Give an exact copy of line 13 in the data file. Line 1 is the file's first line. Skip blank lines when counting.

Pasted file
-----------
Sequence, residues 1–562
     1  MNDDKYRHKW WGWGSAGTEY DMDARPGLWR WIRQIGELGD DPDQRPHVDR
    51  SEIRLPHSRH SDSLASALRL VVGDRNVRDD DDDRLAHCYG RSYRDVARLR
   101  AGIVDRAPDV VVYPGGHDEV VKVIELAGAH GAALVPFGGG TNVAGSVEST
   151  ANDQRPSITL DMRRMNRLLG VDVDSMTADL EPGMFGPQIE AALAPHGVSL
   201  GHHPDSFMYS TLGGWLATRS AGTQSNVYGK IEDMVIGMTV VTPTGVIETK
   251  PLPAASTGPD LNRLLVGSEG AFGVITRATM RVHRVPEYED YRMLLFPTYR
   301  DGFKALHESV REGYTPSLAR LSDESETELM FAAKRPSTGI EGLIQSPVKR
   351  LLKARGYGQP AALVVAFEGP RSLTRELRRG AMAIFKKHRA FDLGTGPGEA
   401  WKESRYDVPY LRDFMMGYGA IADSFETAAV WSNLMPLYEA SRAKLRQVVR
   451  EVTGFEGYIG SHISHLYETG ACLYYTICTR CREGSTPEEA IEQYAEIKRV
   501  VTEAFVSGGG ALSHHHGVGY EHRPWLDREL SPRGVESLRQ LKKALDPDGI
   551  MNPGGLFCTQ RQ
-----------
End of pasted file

   551  MNPGGLFCTQ RQ